Advertisement

  1. ITV Report

Same-sex couples denied marriage 'unlawfully discriminated'

Shannon Sickles, Shannon Sickles, Chris and Henry Flanagan-Kane (left-to-right). Credit: UTV

Same-sex couples that have been denied the opportunity to marry in Northern Ireland are being subjected to unlawful discrimination, the Court of Appeal has heard.

The argument was put forward by legal teams representing Grainne Close and her partner Shannon Sickles, along with Chris and Henry Flanagan-Kane.

The two couples are seeking to overturn a ruling that the prohibition does not breach their human rights under European law.

They were the first couples in the UK to enter civil partnerships, having cemented their relationships in ceremonies at Belfast City Hall in 2005.

Unlike England, Scotland and Wales - as well as the Republic of Ireland - Northern Ireland has yet to legalise same-sex marriage.

Last year, a judge dismissed the case after finding that it was a matter for the Stormont administration rather than the courts.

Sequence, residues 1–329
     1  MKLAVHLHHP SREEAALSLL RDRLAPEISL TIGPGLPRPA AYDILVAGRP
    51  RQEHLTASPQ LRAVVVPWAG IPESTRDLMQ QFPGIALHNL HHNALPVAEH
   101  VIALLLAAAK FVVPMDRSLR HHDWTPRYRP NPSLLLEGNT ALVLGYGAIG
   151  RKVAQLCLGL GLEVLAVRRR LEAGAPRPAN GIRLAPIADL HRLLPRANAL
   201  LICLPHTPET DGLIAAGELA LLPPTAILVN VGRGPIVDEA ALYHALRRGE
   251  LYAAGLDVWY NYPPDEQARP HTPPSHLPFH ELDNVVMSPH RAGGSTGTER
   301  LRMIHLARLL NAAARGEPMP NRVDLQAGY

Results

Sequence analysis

Ronan Lavery QC argued that the failure by the state to include the people of Northern Ireland in same-sex marriage legislation breached their human rights.

"It's unlawful discrimination against the applicants on the basis of their sexuality," he contended.

Prior to the collapse of devolution MLAs held a number of votes on the issue - with a narrow majority in favour of the move back in November 2015.

However, the DUP deployed a petition of concern mechanism to block the motion.

Grainne Close and her partner Shannon Sickles leaving the court hand-in-hand. Credit: UTV

The court heard that 15 out of close to 50 jurisdictions within the Council of Europe have now brought in same-sex marriage.

But Strasbourg has left it up to individual states to decide on the policy.

Pressed to define the obligation allegedly being breached, Mr Lavery submitted that once the marriage rights were brought in they should apply equally to all parts of the UK.

He rejected "this notion that gays and lesbians should be happy enough with civil partnerships".

The challenge is being resisted by lawyers for the Department and the Attorney General, John Larkin QC.

Mr Larkin argued that the applicants lacked legal standing to bring the action.

"What we are dealing with is not an act of the Assembly," he told the three judges.

As the appeal continued, the two couples told of their continued dismay at the bar on getting married.

Speaking outside court, Ms Sickles said: "It's exhausting to feel discriminated against, its frustrating, it's enraging and its unfair."

Her partner, Ms Close, added that they were left relying on the courts to "step up to the mark" in the absence of Stormont.

"We don't want to be here, but it's our only avenue," she said.